Bishop Gabriel Malzaire
Bishop Gabriel Malzaire

As we celebrate thirty-seven (37) years of nationhood, it is fitting for us to reflect on the notion of independence in relation to the devastation caused be Tropical Storm Erika. We must approach it as a truth and a challenge, but also cognizant of the lessons to be learnt.

In the second paragraph of his latest Encyclical Letter, Pope Francis, in the Spirit of his patron St. Francis of Assisi stated:

"This sister now cries out to us because of the harm we have inflicted on her by our irresponsible use and abuse of goods with which God had endowed her. We have come to see ourselves as her lords and masters, entitled to plunder her at will. The violence present in our hearts, wounded by sin, is also reflected in the symptoms of sickness evident in the soil, in the water, in the air and in all forms of life. This is why the earth herself, burdened and laid waste, is among the most abandoned and maltreated of our poor; she 'groans in travail' (Rom 8:22)." (Pope Francis, Laudato Si: On Care for our Common Home, May 24, 2015),

Implicit in this statement is a universal call for concern for what could be responsible for a phenomenon such as T.S.Erika, that is, the fact of global warming. The cry on the lips of every Dominican on August 28, 2015 was: "We have never seen anything like this." This is confirmed by the reality of Patricia, the strongest Hurricane recorded in history, which poured down on the Mexican mainland on October 24, 2015.

Truthfully, the passing of Erika has altered the developmental path on which our nation had set herself. This situation of crisis has provided and will continue to provide opportunities for citizens to rise to their very best. In fact, I dare submit that Erika has created a platform for a better understanding of the meaning and significance of nationhood.

The aftermath of T.S.Erika afforded the demonstration of great solidarity towards those most affected and sympathy with the bereaved families. The promptness with which the Government with the assistance of its neighboring counterparts expedited the evacuation of families from potentially dangerous locations was commendable. The willingness shown by our citizens in providing accommodation for individuals and families who were in need was a heroic gesture. The responses of local, regional and international organizations: NGOs and faith-based groups and Churches deserve commendation. The overflow of support from individuals and well-wishers on the local, regional and international levels deserves tremendous praise. The assistance of the various organizations and individuals in providing the much needed counseling deserve recognition. The truth is, assistance at different levels came from various sources.

On behalf of the Diocese of Roseau, I express sincere gratitude to the various organizations that have come to the aid of Dominica through the Church. I speak of:

1.The Bishops of the Antilles Episcopal Conference, the Clergy and Religious, parishioners, Church organizations and individuals who shared their treasure, in cash or in kind;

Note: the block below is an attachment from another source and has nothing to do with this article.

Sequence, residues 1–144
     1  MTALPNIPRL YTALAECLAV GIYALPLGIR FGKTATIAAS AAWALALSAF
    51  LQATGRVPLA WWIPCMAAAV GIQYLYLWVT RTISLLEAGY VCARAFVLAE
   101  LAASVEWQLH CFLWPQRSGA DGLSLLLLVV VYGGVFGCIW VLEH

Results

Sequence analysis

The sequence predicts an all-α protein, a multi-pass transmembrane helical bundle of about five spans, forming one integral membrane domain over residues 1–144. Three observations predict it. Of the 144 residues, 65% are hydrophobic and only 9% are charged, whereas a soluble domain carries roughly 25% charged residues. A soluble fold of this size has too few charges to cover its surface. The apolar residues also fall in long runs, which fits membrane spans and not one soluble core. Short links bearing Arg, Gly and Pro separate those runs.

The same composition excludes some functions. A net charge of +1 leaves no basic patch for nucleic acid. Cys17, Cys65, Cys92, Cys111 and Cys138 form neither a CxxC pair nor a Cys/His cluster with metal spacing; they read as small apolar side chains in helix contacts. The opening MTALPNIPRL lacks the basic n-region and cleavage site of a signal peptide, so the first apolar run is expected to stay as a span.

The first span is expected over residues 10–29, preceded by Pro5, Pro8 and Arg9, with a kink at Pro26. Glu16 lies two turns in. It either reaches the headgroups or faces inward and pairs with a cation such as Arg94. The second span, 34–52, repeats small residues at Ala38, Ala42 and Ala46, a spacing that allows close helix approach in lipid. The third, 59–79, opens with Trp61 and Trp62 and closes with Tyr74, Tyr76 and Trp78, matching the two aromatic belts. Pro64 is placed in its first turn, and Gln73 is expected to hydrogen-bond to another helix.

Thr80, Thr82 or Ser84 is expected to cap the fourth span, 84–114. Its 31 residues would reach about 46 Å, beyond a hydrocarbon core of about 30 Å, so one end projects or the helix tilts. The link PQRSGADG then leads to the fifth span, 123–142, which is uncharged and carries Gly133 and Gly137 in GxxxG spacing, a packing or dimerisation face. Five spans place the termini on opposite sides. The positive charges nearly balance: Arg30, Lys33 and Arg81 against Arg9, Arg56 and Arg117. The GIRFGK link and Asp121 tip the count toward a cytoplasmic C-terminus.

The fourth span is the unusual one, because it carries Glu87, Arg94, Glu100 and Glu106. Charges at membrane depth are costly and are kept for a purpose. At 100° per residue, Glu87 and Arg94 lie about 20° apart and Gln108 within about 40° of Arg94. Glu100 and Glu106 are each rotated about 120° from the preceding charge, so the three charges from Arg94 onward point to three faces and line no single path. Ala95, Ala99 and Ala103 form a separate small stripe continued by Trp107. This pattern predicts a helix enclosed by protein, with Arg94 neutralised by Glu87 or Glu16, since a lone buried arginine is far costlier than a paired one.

2.The Dioceses, parishes, organizations and individuals from outside the Antilles region which assisted in so many ways to alleviate the plight of the Dominican people; and

3.The many volunteers at the temporary shelters, the individuals and families who opened their homes and their hearts to families and persons in need and those who assisted with counseling facilities and shared themselves in many ways.

It is important in this time of national celebrations, to recognize the efforts of the individuals and service groups which, by virtue of their positions and their dedication to responsibility, kept things together as was particularly needed in the days immediately following Erika. They include: His Excellency, the President, the Honourable Prime Minister, the Leader of the Opposition, other Members of Parliament, religious leaders, health personnel, the police, teachers and other civil servants, the business community, farmers and fisher folks among others. From all indications, Erika brought the best out of Dominica and her neighbours.

Notwithstanding the fact of self-determination, by which Independence is normally characterized, in the time of crisis all bilateral and multilateral partners demonstrated the value of working towards the good of those in need. My prayer however is that, the lessons learnt from this crisis would translate into a national and regional philosophy.

Moreover, Erika leaves us with an important challenge; the very one which the Holy Father, Francis poses through the above-quoted encyclical. Erika challenges our philosophy for future development. After the dust settles, if our sense of responsibility for brother earth does not experience conversion, we will be in danger of many more Erikas. Anything we do to affect the ecological balance of our habitat, even as small as the indiscriminate disposal of our garbage, places us in greater danger in an already vulnerable region.

May Erika serve as a great lesson, teaching us the value of partnership, individual and communal resilience, brotherly and sisterly concern, responsibility for Mother Earth, and above all, love for the Creator who teaches us through the events of life. If we adhere to these guiding principles our future will have a fighting chance.

Happy Independence Dominica!